In Peru, if there is one thing they love, it’s sugar. Everything tastes a little sweeter here. The most noticeable differences between things here and in the US are with beverages, but in general, sugary snacks seem to be a part of their daily diet…and are incredibly delicious.
The first sweet shock I had was with the wine. A big fan of red wine, I was excited to sample the Peruvian variety, as it’s not something readily available in the States. So I headed to the store and picked up a bottle of Borgoña, their signature grape. When I went home and sampled it, I was shocked! What looked like dark, dry full-bodied wine was in fact sweeter than a Port and incredibly light. It literally drinks like fruit punch. This sweetness (I learned in my recent wine and Pisco tour) is a result of the dry, desert climate where the grapes are grown. And after trying (and failing) to get Julio to split a bottle of the traditional Tinto with me, I got the impression that Peruvians are hooked on the stuff.
My next sweet encounter came when a few days later I had a craving for juice. I went to the store and picked up some Naranja nectar (which comes in large or small juice box containers). And again, expecting something completely different, I was taken back by the sweetness and almost artificial taste of the beverage. In looking at the ingredients it is A; a Coca-Cola product (so you know it can’t be good for you), and B; made up of a cocktail of colors, nectars, acids, and vitamins, as opposed to just good old-fashioned juice.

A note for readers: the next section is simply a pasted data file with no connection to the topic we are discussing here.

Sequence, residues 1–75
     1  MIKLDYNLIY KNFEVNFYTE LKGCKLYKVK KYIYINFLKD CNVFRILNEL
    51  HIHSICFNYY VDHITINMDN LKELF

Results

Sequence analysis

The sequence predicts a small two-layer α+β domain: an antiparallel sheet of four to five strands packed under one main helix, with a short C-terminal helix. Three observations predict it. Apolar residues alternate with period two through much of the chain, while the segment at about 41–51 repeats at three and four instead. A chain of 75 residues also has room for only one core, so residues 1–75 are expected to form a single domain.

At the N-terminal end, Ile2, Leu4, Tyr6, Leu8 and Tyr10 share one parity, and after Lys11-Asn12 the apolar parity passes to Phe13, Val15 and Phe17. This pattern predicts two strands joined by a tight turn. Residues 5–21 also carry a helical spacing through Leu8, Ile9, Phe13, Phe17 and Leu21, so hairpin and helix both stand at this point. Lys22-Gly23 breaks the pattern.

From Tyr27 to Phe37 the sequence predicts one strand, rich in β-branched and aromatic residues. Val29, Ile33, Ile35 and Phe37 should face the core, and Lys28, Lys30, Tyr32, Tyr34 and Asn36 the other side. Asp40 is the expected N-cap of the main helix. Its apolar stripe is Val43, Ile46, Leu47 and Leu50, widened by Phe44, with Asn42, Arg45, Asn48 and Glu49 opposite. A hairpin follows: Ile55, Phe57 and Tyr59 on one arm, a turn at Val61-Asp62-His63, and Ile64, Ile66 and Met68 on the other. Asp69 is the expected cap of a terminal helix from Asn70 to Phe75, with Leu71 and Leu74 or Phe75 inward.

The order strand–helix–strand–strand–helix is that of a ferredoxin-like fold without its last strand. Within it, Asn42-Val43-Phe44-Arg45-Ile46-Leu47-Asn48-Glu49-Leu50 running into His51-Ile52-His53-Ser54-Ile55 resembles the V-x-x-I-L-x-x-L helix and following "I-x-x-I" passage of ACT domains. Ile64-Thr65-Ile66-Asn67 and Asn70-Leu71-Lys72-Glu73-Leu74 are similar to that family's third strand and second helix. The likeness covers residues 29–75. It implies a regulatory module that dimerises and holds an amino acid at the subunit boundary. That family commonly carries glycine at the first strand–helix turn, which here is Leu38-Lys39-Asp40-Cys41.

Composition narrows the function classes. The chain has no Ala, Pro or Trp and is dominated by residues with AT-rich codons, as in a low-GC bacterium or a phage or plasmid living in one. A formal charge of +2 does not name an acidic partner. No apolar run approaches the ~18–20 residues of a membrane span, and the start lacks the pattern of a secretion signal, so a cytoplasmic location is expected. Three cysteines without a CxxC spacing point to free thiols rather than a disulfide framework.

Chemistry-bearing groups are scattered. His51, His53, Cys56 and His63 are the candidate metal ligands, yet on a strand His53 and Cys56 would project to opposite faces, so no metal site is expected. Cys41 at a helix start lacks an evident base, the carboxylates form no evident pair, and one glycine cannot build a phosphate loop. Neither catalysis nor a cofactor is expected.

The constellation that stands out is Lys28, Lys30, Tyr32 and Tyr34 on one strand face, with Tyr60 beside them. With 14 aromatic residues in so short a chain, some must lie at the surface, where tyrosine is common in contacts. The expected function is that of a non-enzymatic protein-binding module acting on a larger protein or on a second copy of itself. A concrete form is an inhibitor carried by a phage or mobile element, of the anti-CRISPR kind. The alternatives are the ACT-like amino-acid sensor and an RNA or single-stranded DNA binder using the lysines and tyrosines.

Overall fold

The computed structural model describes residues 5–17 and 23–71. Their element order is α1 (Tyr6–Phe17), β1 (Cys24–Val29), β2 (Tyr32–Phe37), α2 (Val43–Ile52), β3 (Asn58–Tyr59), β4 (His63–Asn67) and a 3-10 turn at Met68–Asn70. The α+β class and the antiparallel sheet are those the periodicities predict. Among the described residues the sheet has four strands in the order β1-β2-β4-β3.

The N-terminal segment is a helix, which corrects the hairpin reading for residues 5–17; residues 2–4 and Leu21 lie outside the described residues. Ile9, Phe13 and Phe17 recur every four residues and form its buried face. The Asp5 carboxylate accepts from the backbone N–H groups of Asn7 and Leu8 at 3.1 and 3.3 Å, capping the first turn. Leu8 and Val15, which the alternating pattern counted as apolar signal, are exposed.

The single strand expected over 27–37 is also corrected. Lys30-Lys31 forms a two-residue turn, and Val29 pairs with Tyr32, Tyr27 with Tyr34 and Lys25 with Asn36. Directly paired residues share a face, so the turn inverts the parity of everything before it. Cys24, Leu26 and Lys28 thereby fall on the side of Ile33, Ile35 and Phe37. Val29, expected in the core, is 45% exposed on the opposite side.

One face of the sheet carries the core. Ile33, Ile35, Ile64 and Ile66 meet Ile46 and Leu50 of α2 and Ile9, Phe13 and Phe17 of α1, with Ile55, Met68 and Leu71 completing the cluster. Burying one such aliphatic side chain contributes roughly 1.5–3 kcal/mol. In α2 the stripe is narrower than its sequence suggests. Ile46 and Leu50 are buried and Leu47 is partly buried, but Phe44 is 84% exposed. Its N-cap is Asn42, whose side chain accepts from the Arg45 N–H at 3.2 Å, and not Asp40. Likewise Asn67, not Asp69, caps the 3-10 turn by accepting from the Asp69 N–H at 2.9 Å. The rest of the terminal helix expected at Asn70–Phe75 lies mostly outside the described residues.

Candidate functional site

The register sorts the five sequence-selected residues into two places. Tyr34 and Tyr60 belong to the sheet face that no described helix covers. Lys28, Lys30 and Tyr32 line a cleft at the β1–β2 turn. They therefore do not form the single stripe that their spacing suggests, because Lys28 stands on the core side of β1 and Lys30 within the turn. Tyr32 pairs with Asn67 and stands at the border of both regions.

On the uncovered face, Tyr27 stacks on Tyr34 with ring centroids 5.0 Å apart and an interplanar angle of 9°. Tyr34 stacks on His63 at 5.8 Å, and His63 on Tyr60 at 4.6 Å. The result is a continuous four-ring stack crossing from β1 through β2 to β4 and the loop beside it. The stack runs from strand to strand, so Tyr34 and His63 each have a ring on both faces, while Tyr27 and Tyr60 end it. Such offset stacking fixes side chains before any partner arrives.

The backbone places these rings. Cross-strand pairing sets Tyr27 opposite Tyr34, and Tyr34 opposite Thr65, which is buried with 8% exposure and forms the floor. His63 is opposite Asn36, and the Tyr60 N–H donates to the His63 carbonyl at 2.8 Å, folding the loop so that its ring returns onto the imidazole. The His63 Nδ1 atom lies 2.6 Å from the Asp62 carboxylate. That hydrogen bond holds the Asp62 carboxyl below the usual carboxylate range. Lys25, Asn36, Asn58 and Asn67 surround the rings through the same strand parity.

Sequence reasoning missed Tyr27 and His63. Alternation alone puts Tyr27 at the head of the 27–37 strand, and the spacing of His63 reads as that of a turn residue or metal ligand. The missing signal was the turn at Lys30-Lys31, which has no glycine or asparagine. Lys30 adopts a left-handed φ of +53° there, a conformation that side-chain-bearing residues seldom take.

But sweet seems to be something that people in Peru just can’t get enough of. Small corner stands are stocked full of chocolates, candies, cookies and ice creams, and at almost every restaurant, there’s a dessert on the menu
I’m not going to lie; I’m a big fan of the sweet. But after living here for a month, I think I will be ready to go back to more fresh and natural flavors and foods. I’ll also probably need to pay a visit to my dentist!
Holly Brinkman is a researcher and blogger for the Karikuy Volunteer Program in Lima, Peru.